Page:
Brian Casserly


Selling Securities and Reg D Changes: A 101 Guide for Seed Stage and Growth Companies

by Brian Casserly

You have an idea. You form a company. Now you want to raise money from investors (or even friends and family), maybe through the sale of ownership, borrowing money, or a loan that could convert into ownership in the future. Seems straightforward, right?

Well, all of those interests and rights that you are considering are almost certainly going to be classfied as “securities” under applicable law.  Selling securities, in fact, is a complex process that requires careful navigation and thoughtful representation to not only protect your position from an ownership and contractual standpoint, but to ensure you’re abiding by both federal and state laws, and regulations issued in connection with the same by enforcement arms such the Securities and Exchange Commission (SEC).

When it comes to selling securities, you have essentially three options:

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Maximizing ROI on Indiana's $1B Investment - Higher Education (Part 3)

by Brian Casserly

Over the past few weeks, we have both outlined what the investment entails, and gave our recommendations for how the funding can make an impact at secondary education programs. This week, we will be dissecting the second area of focus on the list, and giving our recommendation for what we believe would be most beneficial to entrepreneurs. According to the Indiana Economic Development Corporation, this includes

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Growth in Accredited Capital and the Impact on Your Startup

by Brian Casserly

If you are or have ever been through the process of raising private capital for an emerging company, you are well aware of the regulatory framework that seems to have been created to test your commitment.  When you raise money for your venture you are almost undoubtedly selling a "security."  The offering and sale of securities are regulated by both the federal government and each state which has jurisdiction. What this means:  when you raise money, the securities you are offering are either: (1) registered; (2) exempt; or (3) illegal.  Almost every new and growth stage company will rely on an exemption from registration which is an expensive process and offering illegal securities is not a solid business plan.  (Before you ask, there is no "friends and family" exemption.)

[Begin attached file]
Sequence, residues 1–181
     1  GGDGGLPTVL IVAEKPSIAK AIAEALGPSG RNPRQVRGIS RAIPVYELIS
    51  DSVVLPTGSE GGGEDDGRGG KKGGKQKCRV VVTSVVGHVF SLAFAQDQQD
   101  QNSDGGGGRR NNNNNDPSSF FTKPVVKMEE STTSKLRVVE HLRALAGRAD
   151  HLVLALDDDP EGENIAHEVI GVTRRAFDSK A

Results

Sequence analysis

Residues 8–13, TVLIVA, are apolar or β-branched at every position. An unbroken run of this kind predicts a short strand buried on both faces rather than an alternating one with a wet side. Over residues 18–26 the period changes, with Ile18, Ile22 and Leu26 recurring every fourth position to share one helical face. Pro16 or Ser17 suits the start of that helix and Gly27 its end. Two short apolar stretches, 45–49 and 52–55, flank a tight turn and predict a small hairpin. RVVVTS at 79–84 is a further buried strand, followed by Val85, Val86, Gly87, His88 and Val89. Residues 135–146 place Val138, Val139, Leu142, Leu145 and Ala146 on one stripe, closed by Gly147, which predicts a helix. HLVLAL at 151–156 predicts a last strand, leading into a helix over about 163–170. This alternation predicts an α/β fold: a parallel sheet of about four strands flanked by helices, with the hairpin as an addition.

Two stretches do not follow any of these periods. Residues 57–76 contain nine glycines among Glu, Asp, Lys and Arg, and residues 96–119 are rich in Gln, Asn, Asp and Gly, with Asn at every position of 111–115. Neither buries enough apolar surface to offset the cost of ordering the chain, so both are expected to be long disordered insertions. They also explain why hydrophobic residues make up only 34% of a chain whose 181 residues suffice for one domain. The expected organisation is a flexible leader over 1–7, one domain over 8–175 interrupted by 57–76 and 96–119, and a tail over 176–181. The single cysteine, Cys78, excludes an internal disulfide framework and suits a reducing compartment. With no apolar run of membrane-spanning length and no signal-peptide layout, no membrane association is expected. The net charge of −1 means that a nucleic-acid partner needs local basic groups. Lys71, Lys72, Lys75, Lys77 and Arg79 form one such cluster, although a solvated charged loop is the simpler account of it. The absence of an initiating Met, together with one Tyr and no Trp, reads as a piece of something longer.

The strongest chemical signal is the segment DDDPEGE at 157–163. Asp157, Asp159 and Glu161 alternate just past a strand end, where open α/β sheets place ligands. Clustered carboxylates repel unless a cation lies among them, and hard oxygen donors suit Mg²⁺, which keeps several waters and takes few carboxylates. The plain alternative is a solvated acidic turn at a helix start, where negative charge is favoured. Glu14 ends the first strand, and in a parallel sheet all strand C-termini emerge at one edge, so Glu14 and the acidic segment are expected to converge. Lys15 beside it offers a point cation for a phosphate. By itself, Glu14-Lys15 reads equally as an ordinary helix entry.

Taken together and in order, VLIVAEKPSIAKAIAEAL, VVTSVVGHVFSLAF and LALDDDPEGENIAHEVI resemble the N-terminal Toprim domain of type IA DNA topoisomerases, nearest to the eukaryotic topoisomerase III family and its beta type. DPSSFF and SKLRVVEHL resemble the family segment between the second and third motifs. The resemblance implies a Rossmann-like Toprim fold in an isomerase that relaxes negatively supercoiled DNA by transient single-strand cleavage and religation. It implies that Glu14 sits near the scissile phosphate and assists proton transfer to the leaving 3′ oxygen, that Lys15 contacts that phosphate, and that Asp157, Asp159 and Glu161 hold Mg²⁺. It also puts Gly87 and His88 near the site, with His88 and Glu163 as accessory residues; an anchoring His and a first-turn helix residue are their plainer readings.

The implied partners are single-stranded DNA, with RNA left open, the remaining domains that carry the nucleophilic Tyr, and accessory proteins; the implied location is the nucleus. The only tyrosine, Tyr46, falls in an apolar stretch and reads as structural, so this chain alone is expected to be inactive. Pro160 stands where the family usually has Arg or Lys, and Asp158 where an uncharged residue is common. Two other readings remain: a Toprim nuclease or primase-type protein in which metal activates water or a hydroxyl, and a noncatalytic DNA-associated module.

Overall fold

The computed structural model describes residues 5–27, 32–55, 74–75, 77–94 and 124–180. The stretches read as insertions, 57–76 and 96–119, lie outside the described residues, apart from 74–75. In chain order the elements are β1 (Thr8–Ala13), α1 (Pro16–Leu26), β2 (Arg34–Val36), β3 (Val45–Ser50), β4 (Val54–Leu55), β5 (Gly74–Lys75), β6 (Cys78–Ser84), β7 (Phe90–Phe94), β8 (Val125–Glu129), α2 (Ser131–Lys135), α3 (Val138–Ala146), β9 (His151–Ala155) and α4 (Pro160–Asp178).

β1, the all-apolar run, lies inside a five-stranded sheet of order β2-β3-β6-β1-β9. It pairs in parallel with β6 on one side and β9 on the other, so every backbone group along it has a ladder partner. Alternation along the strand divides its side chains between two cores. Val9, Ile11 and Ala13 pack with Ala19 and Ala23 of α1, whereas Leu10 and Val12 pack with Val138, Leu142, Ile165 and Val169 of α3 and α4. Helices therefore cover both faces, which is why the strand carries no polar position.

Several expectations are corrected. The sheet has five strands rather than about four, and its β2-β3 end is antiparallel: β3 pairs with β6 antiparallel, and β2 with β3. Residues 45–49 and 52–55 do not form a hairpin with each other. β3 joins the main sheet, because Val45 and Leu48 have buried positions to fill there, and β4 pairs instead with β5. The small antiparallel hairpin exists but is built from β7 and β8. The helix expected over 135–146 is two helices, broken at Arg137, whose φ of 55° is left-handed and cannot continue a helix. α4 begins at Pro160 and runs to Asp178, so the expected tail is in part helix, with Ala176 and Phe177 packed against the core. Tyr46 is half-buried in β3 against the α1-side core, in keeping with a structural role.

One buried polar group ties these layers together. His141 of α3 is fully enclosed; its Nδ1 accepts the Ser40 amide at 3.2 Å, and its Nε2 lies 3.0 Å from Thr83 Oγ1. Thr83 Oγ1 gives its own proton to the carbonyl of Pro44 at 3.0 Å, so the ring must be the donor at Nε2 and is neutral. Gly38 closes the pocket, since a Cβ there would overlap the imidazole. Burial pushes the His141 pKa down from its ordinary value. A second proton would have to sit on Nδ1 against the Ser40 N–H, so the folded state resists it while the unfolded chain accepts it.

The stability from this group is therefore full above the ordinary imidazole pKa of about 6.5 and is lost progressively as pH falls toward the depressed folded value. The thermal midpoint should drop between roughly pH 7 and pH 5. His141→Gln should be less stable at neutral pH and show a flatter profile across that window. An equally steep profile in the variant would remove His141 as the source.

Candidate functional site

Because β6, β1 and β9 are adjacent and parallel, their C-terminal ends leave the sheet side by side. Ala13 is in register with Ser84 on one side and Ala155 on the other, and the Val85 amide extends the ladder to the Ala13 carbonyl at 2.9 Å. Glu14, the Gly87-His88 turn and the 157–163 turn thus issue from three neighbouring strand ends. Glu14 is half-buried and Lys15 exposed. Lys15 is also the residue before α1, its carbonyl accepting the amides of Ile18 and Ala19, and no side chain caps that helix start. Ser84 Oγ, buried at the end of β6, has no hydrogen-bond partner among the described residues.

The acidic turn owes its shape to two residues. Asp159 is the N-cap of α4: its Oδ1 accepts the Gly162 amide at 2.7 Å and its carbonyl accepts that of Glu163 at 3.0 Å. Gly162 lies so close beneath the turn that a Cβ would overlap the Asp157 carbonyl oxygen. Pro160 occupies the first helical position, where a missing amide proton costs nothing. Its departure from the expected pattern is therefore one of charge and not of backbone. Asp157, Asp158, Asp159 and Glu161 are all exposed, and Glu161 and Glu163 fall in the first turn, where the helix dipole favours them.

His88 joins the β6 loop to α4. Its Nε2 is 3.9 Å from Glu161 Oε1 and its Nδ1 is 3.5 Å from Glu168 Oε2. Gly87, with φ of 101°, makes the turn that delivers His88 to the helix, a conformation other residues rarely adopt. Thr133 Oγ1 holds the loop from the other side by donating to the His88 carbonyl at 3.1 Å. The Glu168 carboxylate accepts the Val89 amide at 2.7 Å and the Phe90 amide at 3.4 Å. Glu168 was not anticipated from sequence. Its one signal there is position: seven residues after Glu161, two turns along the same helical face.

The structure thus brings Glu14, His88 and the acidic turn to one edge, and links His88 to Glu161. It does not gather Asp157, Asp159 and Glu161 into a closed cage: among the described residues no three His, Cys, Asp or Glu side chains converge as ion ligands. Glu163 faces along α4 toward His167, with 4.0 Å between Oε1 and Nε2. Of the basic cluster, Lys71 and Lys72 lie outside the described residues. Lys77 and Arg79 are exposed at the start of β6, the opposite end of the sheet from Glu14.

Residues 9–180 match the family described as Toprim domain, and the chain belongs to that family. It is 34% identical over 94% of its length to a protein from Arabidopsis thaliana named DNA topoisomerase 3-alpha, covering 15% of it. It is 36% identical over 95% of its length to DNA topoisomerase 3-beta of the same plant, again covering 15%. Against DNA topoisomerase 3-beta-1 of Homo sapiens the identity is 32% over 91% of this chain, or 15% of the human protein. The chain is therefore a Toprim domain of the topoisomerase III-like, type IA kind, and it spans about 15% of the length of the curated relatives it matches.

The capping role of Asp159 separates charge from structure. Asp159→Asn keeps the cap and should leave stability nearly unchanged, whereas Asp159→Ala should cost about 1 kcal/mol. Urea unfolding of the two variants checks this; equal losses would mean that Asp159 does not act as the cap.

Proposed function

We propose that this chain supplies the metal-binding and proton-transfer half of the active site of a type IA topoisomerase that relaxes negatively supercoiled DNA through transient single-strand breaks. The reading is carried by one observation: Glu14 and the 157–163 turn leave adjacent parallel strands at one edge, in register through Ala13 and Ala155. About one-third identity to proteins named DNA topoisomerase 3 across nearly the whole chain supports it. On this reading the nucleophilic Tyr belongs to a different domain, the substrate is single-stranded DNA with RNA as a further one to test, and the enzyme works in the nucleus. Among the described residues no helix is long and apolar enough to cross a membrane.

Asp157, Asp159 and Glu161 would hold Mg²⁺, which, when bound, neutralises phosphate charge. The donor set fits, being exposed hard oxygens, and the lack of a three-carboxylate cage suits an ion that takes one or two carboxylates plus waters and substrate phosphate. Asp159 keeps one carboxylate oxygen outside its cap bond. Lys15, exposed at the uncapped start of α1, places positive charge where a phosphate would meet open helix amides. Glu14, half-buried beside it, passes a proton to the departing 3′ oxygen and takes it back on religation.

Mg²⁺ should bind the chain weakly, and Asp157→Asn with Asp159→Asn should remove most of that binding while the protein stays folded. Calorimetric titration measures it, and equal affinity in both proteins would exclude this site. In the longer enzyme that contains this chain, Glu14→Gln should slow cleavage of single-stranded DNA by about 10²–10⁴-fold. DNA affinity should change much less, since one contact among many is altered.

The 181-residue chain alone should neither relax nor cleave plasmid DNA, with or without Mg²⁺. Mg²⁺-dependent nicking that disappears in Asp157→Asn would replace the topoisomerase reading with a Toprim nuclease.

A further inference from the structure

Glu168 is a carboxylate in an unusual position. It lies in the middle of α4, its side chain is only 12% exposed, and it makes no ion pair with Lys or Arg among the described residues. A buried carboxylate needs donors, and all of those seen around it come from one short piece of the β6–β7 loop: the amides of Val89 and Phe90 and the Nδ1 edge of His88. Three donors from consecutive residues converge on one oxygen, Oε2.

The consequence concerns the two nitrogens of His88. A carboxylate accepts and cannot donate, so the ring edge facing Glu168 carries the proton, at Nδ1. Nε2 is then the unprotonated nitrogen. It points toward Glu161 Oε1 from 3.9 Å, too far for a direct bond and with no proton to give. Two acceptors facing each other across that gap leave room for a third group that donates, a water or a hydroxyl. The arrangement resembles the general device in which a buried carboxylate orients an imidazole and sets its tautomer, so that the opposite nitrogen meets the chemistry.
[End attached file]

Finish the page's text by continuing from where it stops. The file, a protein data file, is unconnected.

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Contractor vs. Employee: The 3 Questions to Ask

by Brian Casserly

Worker classification is an important responsibility of any employer, with implications ranging from tax and withholdings liability to the employer’s liability for the worker’s conduct.  For tax purposes, the IRS has previously laid out twenty non-exclusive factors that it considered when making the determination as to whether a worker is an independent contractor or employee. 

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On The Fence About Creating a Formal Structure for Your Business?

by Brian Casserly

Entrepreneurs create formal business entities (most often limited liability companies and corporations) for many reasons.  Founders commonly cite the limited liability protection and the professional impression it can have on vendors, customers and would-be investors.  While these are two major benefits of forming an LLC or corporation, this only touches on the predominant purpose that forming an entity can serve - building and protecting value. 

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